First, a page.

From Endurance to Dressage
In yesterday's post, I mentioned that someone else besides Izzy had an abscess. In case you were unable to guess who the someone else is, it is none other than the gray pony, Speedy G. Little stinker. Every single winter he manages to come up with some kind of injury that gets him out of work for several weeks (or months).
Speedy's abscess was a lot more interesting than was Izzy's. When Dr. Gonzalez put the hoof testers on Speedy, he nearly fell over. And that was just in the middle of the hoof. As Dr. G gently probed Speedy's sole, it was a lot like the game where you hide an object and then shout out temperature settings as the searcher gets closer to the object. In Speedy's case it was hot, hotter, you're burning up, you're on fire! Speedy's abscess wasn't well hidden; Dr. G found it right away.
As Dr. G dug out layers of Speedy's sole, he kept glancing at me to see how I was handling Speedy's pain level. You see, Dr. G is not my regular vet; we always see Dr. Tolley. Dr. Tolley frequently calls Dr. Gonzalez over to see what's going on though as Dr. G. is a relatively new vet, and it's good for all of the doctors to know all of the patients. I know Dr. G. from many previous visits, but he's never actually treated one of my horses.
As it happened, Dr. Tolley wasn't in on Tuesday, so Dr. G stepped in for his maiden voyage on the good ship Team Speedy. While we've met many times, he's never been with me from the start of a visit all the way through to the end. I sort of felt sorry for the guy. While I am not that client, I bring my own special brand of crazy to each visit.
What's that? Can I touch it? Why does it look like that? Where does that go? Is it supposed to be that color? Ew. Cool! Okay, that's just gross. What do I do after that? What's my other other option? For HOW long? Wait, I didn't get the picture - do it again! You get the idea. Dr. Tolley totally digs it that I ask questions and want to be involved in every step of the treatment. They are my horses after all, and I am the epitome of a hands-on owner.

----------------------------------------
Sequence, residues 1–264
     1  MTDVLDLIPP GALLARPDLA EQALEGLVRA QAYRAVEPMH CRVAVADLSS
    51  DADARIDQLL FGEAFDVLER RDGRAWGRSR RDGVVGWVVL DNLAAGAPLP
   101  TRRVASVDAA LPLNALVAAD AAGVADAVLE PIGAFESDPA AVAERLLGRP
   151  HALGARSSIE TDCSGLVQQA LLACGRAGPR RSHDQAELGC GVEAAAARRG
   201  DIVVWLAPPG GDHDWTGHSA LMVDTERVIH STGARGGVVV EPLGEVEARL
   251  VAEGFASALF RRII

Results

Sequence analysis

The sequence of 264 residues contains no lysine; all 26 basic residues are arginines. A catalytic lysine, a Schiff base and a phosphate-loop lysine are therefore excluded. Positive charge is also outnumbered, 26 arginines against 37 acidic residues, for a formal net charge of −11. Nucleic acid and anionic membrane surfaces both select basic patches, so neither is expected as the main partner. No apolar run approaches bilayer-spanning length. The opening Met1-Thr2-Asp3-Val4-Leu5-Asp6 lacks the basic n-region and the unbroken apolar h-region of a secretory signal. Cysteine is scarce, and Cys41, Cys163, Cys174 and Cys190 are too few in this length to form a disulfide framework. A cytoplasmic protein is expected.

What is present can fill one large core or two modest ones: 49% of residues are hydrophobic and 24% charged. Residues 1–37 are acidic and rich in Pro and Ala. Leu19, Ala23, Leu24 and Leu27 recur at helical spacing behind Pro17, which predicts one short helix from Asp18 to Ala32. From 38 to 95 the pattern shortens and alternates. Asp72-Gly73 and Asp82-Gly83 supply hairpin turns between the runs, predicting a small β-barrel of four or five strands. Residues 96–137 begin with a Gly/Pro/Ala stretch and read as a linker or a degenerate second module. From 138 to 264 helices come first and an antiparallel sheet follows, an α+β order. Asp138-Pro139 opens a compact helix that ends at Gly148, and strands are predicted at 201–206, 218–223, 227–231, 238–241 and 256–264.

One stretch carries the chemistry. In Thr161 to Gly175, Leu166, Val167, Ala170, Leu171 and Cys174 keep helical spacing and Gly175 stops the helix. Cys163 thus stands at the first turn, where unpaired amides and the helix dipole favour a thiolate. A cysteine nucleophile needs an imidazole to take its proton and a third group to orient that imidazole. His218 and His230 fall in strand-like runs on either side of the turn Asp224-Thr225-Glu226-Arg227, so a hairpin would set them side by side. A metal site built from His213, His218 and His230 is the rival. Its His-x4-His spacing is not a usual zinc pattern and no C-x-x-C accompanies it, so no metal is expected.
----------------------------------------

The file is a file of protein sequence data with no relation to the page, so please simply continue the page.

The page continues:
So when I leaned over Dr. G's shoulder and gave an ooh, ahh at the gunk coming out of the hole he had just opened up, I think he was a bit surprised. When I told him to squeeze it harder, I think I scared him. Not that I want Speedy in any pain, but I have no problem causing some quick discomfort if it's going to get the job done more effectively. He squeezed harder.
Fortunately, Speedy's abscess is shaping up to be a pretty typical pimple in the foot. You give it a good squeeze, out comes the gunk, and then you wait for things to heal over. Dr. G's remedy was for me to wrap it every other day over the course of the next 7 to 10 days.
He gave me a neat little syringe with a flexible tip that fits into the hole he dug out. Last night, I unwrapped his bandaging job to clean out the wound and rewrap it. The little syringe made it easy to flush out the hole. I was able to irrigate it well enough that the Betadine solution actually oozed out of a fresh drainage hole in Speedy's heel. I saw that as a good thing as the abscess has finally cleared his hoof.
I soaked a small stack of those mini gauze pads in straight Betadine and packed them into his hoof. I wrapped that with a waffle-like cotton roll, and topped it all with vet wrap. The obligatory duct tape finished off the bandages.
While it was still quite tender and puffy, Speedy was definitely more comfortable. I imagine that by the end of the weekend Speedy will be almost back to normal.
I guess that's one way to get out of doing flying changes!
About the Writer and Rider
I am a lifelong rider.
I began endurance riding in 1996 where I ultimately completed five, one-day 100 mile races, the 200-mile Death Valley Encounter, and numerous other 50, 65, and 75 mile races. I began showing dressage in 2010.
Welcome to my dressage journey.
About Speedy G
Speedy went from endurance horse to dressage horse. After helping me earn a USDF Bronze medal in the summer of 2020, he is now semi-retired. Speedy is a 2004, 15'1 hand, purebred Arabian gelding. His Arabian Horse Registry name is G Ima Starr FA.
Izzy was started as a four-year old and then spent the next 18 months in pasture growing up. I bought him as a six-year old, and together, we are showing at Second Level. He is a 2008, 16'3 hand warmblood gelding. His Rheinland Pfalz-saar International (RPSI) name is Imperioso.
National Rider Awards
State Rider Awards
State Horse Awards
CDS Sapphire Rider Award
Third Level: 63.514%
Third Level: 62.105%
2021 Show Season
(r) Ride-a-Test Clinic
(Q) Must Qualify
2021 Pending …
2021 Completed …
10/24-25 SCEC (***)
11/7-11/8 SB (***)
2021 Qualifying Scores
Regional Adult Amateur Competition (RAAC)
2nd Level Qualifying
3 Scores/2 Judges/60%:
Score 1: 60.610% Bhathal
2nd Level Qualifying
5 Scores/4 Judges/61%:
Stuff I Read